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    On average, solar panels designed for domestic use produce 250-400 watts, enough to power a household appliance like a refrigerator for an hour. To work out how much electricity a solar panel can produce in one day, you’ll need to multiply the wattage by the hours of sunlight.

    The higher the wattage of each panel, the more electricity produced. By combining individual panels into a solar system, you can easily generate enough power to run your entire home.

    In 2020, the average American home used 10,715 kilowatt-hours (kWh), or 893 kWh per month. If you want a solar system to power your entire home year-round, you’ll need to install a system that can supply all of these energy needs.

    The actual output of each individual solar panel will also depend on a range of factors including your location, local weather conditions, plus the angle and direction that the panels have been installed.

    What Are Watts and Kilowatts?

    To understand how much electricity a solar panel can produce, we first need to get comfortable with some units of power and energy.

    If you’ve been reading about solar panels, you’ll have noticed some specific units being mentioned: watt (W) and kilowatt (kW), plus watt-hours (Wh) and kilowatt-hours (kWh). Watt and kilowatt are units of power, and indicate how much power a solar panel can provide; 1,000 watts (W) = 1 kilowatt (kW).

    Watt-hour and kilowatt-hour are units of energy, and are used to show how much work (by work we mean running a light or an air conditioning unit) can be completed in one hour; 1,000 watt-hours (Wh) = 1 kilowatt-hour (kWh).

    How Is Solar Panel Output Calculated?

    The maximum or peak amount of electricity that can be produced by a solar panel is defined by its wattage. Remember this is measured under standard test conditions (STC) of 77 degrees F, 1 kW of solar radiation per square meter, and no wind. You’ll rarely find these conditions in nature, so expect your solar panel’s output to be a little less than this peak rating provided by the manufacturer.

    Once you know the wattage of your solar panel, you can use the following calculation to work out how much electricity your solar panel can produce in one day:

    Solar panels watts x average hours of sunlight = daily watt-hours

    This calculation relies on you knowing (or being able to estimate) the number of sunlight hours your panel receives. You can either estimate this or use a solar calculator like the National Renewable Energy Lab’s solar resource maps. Let’s look at some examples:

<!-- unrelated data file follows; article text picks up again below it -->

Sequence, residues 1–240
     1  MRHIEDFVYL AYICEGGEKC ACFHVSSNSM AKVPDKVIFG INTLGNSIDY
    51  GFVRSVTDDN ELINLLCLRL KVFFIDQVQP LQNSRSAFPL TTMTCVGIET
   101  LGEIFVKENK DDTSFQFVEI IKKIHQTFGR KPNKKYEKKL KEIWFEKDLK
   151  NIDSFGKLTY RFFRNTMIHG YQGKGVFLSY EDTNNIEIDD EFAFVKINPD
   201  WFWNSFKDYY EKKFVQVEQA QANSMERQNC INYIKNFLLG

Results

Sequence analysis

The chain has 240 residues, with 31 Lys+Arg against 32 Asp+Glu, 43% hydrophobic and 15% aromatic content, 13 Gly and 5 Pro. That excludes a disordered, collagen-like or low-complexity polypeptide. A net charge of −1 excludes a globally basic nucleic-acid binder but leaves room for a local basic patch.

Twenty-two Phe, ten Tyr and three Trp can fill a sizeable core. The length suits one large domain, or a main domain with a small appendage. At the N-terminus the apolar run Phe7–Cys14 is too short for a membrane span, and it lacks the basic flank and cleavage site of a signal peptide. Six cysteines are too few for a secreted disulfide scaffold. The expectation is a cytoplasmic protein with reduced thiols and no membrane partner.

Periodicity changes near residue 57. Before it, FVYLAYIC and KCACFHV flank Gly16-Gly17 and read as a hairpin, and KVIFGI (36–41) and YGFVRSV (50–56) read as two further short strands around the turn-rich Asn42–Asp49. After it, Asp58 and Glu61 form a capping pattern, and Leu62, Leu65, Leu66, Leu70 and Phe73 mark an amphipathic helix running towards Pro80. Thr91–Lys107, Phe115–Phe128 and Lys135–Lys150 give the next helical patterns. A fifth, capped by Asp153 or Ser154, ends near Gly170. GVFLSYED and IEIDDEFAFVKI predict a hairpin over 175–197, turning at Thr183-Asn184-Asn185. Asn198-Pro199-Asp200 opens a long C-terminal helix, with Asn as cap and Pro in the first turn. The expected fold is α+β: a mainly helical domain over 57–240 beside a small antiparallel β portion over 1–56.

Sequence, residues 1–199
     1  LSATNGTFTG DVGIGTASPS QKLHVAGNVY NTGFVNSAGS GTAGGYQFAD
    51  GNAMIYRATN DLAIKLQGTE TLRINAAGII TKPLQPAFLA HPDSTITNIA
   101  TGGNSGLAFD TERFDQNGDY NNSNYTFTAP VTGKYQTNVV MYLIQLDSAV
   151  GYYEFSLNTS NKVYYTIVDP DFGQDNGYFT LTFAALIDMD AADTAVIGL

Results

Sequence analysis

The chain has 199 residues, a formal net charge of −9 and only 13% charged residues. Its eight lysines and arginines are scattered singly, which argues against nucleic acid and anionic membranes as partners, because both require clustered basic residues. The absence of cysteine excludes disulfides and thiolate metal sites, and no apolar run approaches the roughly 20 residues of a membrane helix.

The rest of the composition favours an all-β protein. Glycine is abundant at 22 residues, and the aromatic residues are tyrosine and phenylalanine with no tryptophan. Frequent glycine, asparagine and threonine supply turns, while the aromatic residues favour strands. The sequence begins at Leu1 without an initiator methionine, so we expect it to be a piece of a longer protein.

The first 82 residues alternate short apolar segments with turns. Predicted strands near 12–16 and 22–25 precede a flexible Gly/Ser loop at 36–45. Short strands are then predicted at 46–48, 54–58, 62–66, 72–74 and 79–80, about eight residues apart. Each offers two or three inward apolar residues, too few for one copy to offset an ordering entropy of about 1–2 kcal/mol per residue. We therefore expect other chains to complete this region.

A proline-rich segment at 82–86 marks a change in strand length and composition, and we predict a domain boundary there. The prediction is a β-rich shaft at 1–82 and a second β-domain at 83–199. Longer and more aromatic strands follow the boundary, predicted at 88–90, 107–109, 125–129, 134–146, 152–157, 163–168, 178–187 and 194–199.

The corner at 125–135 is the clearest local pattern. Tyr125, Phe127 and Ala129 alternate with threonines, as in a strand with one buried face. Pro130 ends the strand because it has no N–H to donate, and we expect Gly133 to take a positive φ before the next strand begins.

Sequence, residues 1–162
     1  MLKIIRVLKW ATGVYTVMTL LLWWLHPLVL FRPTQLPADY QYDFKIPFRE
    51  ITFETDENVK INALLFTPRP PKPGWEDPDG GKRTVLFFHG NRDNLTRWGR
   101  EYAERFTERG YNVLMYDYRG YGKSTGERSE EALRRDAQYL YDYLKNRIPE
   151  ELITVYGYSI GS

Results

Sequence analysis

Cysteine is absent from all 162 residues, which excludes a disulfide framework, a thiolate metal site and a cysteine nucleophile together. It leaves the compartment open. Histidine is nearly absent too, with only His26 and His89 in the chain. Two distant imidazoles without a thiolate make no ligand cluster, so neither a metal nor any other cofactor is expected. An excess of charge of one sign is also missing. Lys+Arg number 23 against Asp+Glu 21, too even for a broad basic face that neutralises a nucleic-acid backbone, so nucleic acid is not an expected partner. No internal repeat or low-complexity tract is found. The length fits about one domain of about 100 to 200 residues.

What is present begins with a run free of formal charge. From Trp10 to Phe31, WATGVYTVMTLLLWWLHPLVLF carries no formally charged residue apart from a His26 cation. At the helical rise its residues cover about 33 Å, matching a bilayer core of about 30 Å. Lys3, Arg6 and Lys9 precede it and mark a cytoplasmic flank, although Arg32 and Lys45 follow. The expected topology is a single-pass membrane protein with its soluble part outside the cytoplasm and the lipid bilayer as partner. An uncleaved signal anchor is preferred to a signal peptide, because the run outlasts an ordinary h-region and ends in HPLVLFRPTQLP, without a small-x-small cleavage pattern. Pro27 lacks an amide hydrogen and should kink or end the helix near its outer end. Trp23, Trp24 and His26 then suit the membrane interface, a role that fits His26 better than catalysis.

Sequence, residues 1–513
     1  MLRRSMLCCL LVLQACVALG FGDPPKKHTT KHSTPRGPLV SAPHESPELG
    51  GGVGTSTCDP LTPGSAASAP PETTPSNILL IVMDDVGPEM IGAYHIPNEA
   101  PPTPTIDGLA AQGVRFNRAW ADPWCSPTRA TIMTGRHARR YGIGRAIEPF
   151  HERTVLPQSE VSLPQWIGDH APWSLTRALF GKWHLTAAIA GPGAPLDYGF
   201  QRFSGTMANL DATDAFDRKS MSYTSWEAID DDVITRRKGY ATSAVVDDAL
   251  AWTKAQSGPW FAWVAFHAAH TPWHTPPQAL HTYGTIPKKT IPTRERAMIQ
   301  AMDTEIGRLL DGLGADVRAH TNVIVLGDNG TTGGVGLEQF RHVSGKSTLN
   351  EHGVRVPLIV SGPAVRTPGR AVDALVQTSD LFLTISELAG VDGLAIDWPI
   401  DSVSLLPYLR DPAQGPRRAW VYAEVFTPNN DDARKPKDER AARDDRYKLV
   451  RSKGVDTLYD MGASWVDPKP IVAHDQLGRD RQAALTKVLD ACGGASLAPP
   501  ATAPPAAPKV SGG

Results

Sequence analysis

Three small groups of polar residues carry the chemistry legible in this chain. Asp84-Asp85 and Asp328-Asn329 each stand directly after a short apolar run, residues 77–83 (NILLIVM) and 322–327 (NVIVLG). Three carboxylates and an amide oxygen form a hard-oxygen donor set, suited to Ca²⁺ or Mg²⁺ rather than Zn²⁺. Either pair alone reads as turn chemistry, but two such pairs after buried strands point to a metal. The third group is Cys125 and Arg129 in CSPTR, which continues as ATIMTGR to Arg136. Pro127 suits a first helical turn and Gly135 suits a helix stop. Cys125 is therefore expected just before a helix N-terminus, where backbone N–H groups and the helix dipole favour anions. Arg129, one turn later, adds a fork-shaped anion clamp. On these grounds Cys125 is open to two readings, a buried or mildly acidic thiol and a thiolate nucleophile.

Your solar panel has a rating of 250 watts, and your home receives six hours of sunshine per day. Multiply 250 x 6, and we can calculate that this panel can produce 1,500 Wh, or 1.5 kWh of electricity per day.

    On a cloudy day, solar panels will only generate between 10% and 25% of their normal output. For the same 250-watt panel with six hours of cloudy weather, you may only get 0.15-0.37 kWh of electricity per day.

    Upgrade to a 400-watt panel, and with the same amount of sunshine, you would now get 2,400 Wh, or 2.4 kWh of electricity per day. On a cloudy day, the electricity generated may only be 0.24-0.6 kWh per day.

    For reference, the average American home uses about 29 kWh per day. Install a solar power system with 20 panels of 250 watts each, and in the same six hours of sunshine, your system will generate 30 kWh, which is just enough to power the average home for one day.

    Variables Affecting Solar Panel Output

    In addition to the amount of sunlight received per day, there are other factors that affect the output of your solar panel or system.

    Dirt

    Anything that builds up on the surface of your solar panel can affect the output. This can include dust, leaves, snow, or bird droppings. A clean solar panel can be 6.5% more efficient than a dirty and dusty panel.

    Roof Direction and Angle

    Solar panels are most efficient when directed in a south-east to south-west direction, at an angle of 30-45 degrees. Systems at other directions and angles can still work, but your outputs will be decreased.

    Shade

    Solar panels are very sensitive to shade, including trees, or a building next door. Minimal shading in the morning or evening is fine, but significant shading throughout the middle part of the day will significantly impact the amount of electricity a panel can produce.